US senators warn China's Digital Yuan could compromise Olympic athletes
Meanwhile, Tokyo games ticket holder data leaks, and those affected can't even use their seats
Three US senators have written to their nation's Olympic Committee with a request that it "forbid American athletes from receiving or using Digital Yuan during the Beijing Olympics" – a reference to the Winter Games scheduled to commence on February 4th, 2022.
"While the Chinese Communist Party insists their efforts are aimed at digitizing bank notes and coins, Olympic athletes should be aware that the Digital Yuan may be used to surveil Chinese citizens and those visiting China on an unprecedented scale," wrote [PDF] Senators Marsha Blackburn (R-Tennessee), Roger Wicker (R-Mississippi) and Cynthia Lummis (R-Wyoming).
The conservative trio added that China "hopes that they [athletes] will maintain Digital Yuan wallets on their smartphones and continue to use it upon return.
"It is paramount the USOPC works with the US Department of State, the US Department of Treasury, and the US Department of Commerce to protect the privacy of American athletes from the Chinese Communist Government," the letter states, before requesting a briefing on the matter within 30 days.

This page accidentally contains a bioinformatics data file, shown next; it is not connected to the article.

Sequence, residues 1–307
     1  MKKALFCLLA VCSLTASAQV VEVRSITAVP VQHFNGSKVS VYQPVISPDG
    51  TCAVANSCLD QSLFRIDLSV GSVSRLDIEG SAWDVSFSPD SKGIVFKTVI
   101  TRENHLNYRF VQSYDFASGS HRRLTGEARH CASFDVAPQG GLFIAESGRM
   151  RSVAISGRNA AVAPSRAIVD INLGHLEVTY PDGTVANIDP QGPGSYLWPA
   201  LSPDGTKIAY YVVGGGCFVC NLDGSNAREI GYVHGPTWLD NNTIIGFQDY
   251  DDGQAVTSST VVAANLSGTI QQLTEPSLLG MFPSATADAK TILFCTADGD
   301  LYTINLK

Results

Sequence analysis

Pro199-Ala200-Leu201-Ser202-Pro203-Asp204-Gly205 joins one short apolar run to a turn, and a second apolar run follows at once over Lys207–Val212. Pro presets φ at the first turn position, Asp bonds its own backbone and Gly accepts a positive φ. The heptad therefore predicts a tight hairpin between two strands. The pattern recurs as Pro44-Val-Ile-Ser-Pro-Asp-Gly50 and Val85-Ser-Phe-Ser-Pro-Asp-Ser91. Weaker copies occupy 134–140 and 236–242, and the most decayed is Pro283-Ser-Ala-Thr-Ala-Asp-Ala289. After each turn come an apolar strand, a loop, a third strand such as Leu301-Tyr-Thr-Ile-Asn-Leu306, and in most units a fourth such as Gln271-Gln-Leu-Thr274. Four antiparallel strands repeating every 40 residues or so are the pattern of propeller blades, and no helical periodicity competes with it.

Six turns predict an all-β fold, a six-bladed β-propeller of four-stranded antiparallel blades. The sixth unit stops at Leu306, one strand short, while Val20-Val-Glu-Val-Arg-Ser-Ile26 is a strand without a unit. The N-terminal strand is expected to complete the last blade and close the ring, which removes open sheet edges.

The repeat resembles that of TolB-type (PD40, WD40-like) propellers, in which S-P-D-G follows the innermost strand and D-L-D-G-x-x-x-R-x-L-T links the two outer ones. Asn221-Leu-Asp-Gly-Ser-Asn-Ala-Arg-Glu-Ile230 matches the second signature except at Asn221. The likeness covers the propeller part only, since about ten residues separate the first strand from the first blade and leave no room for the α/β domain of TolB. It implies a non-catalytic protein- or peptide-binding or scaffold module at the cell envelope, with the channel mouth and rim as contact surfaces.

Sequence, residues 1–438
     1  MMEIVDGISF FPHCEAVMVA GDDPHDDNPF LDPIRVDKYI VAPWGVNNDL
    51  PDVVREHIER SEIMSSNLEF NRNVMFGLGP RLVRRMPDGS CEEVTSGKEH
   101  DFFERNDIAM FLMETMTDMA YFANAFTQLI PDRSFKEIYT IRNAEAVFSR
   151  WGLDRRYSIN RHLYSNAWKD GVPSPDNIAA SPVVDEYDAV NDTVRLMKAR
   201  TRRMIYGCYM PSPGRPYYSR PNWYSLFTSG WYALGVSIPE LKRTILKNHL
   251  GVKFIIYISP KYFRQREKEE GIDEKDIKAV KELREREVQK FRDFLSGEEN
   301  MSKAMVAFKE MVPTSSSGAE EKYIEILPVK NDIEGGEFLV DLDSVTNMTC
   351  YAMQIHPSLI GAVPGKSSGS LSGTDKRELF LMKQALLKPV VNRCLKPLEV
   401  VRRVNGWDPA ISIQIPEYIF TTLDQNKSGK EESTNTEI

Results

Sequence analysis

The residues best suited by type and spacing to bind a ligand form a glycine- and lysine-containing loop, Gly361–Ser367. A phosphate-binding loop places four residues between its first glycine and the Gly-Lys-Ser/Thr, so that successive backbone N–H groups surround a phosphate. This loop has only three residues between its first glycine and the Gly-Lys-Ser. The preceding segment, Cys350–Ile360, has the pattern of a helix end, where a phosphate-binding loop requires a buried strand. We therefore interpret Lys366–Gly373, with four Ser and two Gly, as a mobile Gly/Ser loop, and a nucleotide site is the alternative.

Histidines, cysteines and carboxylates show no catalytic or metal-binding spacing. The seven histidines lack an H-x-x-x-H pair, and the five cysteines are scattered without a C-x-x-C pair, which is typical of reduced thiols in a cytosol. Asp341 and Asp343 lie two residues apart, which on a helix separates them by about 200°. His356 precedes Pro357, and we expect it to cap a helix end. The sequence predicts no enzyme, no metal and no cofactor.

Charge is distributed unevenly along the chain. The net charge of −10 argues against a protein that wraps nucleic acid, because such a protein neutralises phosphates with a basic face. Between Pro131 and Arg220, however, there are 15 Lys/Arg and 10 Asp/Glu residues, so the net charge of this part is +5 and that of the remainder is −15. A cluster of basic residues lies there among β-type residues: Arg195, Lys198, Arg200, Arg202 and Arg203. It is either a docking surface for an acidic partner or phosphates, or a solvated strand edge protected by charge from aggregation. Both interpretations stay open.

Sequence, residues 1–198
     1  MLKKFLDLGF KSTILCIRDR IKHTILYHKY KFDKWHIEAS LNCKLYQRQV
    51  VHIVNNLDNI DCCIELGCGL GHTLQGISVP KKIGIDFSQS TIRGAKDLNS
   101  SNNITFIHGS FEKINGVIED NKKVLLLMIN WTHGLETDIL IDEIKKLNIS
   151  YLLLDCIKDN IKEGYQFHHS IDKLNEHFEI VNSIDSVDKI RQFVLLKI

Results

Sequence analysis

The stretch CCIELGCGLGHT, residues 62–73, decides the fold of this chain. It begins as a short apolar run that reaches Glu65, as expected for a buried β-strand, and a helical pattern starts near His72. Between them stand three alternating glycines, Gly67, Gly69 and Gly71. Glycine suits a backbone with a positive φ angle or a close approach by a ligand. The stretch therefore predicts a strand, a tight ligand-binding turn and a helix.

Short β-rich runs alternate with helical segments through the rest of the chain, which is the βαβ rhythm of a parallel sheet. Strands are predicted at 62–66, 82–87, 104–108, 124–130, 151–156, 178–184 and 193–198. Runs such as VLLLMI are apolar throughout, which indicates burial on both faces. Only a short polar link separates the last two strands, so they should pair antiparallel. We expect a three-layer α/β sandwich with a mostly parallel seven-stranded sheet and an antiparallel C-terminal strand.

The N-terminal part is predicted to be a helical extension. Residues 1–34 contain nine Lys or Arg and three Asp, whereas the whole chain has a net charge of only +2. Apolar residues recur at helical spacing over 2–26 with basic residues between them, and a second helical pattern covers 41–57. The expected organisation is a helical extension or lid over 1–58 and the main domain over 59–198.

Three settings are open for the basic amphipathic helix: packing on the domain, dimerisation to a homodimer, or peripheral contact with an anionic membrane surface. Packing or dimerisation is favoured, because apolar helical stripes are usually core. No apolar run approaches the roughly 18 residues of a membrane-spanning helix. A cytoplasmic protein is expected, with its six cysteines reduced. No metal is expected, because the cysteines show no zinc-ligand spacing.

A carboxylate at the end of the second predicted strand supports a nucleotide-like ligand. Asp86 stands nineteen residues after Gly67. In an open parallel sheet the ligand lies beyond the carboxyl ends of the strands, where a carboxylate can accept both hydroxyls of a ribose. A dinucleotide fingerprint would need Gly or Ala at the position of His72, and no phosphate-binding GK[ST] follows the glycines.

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- China’s digital currency adds support for AliPay – the Alibaba payment app with over 700 million users
- Japan tests digital currency, because all the cool kids are doing it already
In other Olympic news, the Tokyo Games are under way and will be conducted without spectators in the stands — but those who bought tickets have a data leak to worry about.
Japanese outlet Kyodo News reports that government officials have admitted that user IDs and passwords of ticket purchasers have leaked.
Analysis from a Twitter user named @Louishur, who identifies himself as aligned with South Korean vendor NSHC Security, suggests credentials of ticket-holders and volunteers is accessible.
Other analysis suggests the leaks look like the result of the Redline malware.
People from around the world bought tickets for the Games ahead of the COVID-19 pandemic, or during the viral mess in which the world finds itself. It's unclear how many are at risk as a result of the leak as the Kyodo News report doesn't say how many accounts were compromised, but says the unnamed official who confirmed the leak added it is "not large". ®